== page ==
Hot Docs: “Bury the Hatchet” shines spotlight on bright but fragile culture

While HBO's drama series Treme introduced TV audiences to the Mardi Gras Indians, director Aaron Walker's portrait of three 'Big Chiefs' of New Orleans goes deeper into their traditions and what obstacles, including Hurricane Katrina, came their way.
May 3, 2011

While HBO’s drama series Treme introduced TV audiences to the Mardi Gras Indians, director Aaron Walker’s portrait of three ‘Big Chiefs’ of New Orleans goes deeper into their traditions and what obstacles, including Hurricane Katrina, came their way.

Walker was introduced to the Mardi Gras Indians – African-Americans who honor the Native Americans who aided them during slavery by creating elaborate Native American-style costumes – when he was in New Orleans working on music videos in 2004.

The three men that Walker focused on, Big Chiefs Monk Boudreaux, Alfred Doucette and Victor Harris, are documented in the run up to Mardi Gras and Saint Joseph’s Day, where they sew their own brightly adorned costumes with beads and feathers.

Walker says that if Hurricane Katrina hadn’t impacted New Orleans, his documentary film would’ve been just a portrait of these three men. “Already the themes of their struggle had become very important in the film. Gentrification, old age, disinterested youth, are all things that they’re up against, [as well as] the Claiborne Interstate dissecting their neighborhood and the harm that did.”

Walker originally thought he’d end his film with the 2005 St. Joseph’s Night celebrations, during which the annual Mardi Gras Indians parade was halted by a confrontation with the New Orleans police department. But during a city council hearing about the incident, revered Big Chief Tootie Montana collapsed at the podium from a fatal heart attack, all captured on film.

“It was just one thing after another,” he says. “And of course, Katrina happened.”

The director himself evacuated a few days after Katrina and after about a week he began to track down his principle characters. One had been relocated to Texas, another to Alabama. Their reunions were filmed, as well as the men’s return to their devastated homes and the ruined costumes that took a year to make. The rebuilding of the chiefs’ New Orleans lives are part of the epilogue, which Walker says was shot recently.

The doc also includes a wealth of music, including contributions from the Mardi Gras Indians, New Orleans bands, brass bands and rare tracks not released outside of New Orleans, as well as a score from pianist George Winston.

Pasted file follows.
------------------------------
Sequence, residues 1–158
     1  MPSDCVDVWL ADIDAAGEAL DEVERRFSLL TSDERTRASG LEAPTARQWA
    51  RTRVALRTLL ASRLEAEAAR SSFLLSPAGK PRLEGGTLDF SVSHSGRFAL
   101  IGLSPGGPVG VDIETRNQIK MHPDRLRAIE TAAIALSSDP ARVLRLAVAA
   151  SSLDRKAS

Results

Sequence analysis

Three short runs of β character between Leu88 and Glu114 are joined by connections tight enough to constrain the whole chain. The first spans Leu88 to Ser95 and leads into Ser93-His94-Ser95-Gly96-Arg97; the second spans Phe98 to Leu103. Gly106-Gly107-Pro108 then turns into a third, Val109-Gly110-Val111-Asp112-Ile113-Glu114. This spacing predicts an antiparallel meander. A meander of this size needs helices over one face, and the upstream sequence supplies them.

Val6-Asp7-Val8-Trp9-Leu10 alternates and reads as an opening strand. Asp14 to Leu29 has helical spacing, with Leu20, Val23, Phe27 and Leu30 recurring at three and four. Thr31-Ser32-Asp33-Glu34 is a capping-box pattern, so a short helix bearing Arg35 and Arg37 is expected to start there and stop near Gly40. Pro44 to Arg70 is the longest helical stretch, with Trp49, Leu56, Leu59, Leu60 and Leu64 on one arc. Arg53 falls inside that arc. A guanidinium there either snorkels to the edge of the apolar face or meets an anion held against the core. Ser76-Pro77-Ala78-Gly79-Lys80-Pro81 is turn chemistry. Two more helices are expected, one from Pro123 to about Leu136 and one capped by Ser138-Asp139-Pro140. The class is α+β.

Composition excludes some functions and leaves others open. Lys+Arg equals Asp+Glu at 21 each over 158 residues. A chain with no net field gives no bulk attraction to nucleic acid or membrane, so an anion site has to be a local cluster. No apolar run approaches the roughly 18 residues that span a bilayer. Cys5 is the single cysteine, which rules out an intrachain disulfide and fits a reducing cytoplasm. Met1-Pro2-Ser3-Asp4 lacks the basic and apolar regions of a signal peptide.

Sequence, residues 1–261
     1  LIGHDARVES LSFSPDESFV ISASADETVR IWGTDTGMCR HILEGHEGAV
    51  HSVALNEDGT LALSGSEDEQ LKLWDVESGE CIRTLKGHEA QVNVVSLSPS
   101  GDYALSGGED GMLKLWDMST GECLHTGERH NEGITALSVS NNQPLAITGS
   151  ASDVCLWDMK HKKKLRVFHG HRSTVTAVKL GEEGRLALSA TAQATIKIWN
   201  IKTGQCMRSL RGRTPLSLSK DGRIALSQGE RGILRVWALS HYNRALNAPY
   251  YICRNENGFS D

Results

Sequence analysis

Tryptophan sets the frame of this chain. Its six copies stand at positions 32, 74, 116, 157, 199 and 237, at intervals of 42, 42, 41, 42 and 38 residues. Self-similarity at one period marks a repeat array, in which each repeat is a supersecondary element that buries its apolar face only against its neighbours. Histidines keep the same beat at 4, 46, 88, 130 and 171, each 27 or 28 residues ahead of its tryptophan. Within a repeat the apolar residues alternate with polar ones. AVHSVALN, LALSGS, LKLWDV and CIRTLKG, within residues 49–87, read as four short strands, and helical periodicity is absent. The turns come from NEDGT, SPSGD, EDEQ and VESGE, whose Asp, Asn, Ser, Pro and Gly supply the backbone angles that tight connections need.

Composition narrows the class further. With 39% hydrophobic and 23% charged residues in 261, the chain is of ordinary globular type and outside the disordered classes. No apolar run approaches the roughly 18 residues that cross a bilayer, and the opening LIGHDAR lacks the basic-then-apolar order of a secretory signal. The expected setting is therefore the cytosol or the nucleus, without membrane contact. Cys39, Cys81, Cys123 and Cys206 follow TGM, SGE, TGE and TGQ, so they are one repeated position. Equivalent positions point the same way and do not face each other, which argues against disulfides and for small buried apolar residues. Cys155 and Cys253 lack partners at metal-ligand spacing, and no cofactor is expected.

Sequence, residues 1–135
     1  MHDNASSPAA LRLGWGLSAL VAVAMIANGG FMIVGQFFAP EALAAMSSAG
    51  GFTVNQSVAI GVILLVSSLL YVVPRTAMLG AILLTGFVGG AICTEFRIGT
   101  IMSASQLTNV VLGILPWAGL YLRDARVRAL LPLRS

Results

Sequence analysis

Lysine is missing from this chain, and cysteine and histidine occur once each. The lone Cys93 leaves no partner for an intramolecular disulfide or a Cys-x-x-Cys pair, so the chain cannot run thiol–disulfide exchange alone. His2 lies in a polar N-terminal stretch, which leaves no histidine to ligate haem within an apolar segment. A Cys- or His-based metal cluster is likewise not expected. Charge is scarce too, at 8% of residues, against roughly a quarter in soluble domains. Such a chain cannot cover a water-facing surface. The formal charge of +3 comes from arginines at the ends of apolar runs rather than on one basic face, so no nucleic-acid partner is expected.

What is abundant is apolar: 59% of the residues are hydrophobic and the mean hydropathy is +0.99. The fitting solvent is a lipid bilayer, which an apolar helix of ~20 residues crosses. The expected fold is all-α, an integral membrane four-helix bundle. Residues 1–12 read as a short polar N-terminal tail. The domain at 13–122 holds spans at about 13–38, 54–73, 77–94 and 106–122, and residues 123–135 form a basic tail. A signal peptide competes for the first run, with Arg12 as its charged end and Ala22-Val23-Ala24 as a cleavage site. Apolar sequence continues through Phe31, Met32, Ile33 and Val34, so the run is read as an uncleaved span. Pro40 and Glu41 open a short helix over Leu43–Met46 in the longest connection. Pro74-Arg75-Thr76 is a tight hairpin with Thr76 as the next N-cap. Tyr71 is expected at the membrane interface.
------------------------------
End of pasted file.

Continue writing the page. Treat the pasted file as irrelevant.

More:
Hot Docs will be the first full viewing of Bury the Hatchet‘s final cut outside of New Orleans. A rough cut screening at the Royal Anthropological Institute of Ethnographic Film in England won the doc the Grand Prize and the Intangible Culture Award, while the premiere at the New Orleans Film Festival won the Best Louisiana Feature.

“[I hope audiences get] the importance and the realness of this culture,” says Walker. “A lot of oppressed cultures are very fragile and it’s important to get their stories out and  preserved. Hopefully this can get some kind of support to keep themselves in existence.”

Currently the filmmaker doesn’t have a distributor for the film, and he says he has plans to visit other festivals. In addition to distribution, Walker hopes his film will help the youth of New Orleans.

“New Orleans is a rough place, our streets are broken and we don’t have hot water in city hall, so I think it’s easy for a kid to say ‘What can I do in this place?’” he says. “But seeing yourself in films like Bury the Hatchet or Treme and the attention we got after Katrina, [they can] see how the outside world values it and [it] says you really do have something special.”

Walker reports that there are a lot of younger Mardi Gras Indians now, with small tribes popping up including 18- and 19-year-old kids, and younger brass bands are emerging too.

“I was walking down the street the other day and I saw this 14-year-old kid who I’d seen about a year ago and I was kind of worried about him. He had a trumpet and said he was going to start a second line band,” Walker says. “I hope that this film, along with all the other attention New Orleans is getting, gives the young people incentive to keep it going. I hope it boosts their egos.”

Bury the Hatchet is a Cine-Marais and Altaire Productions film. Its last Hot Docs screening is today, May 3, at 4:30 p.m.

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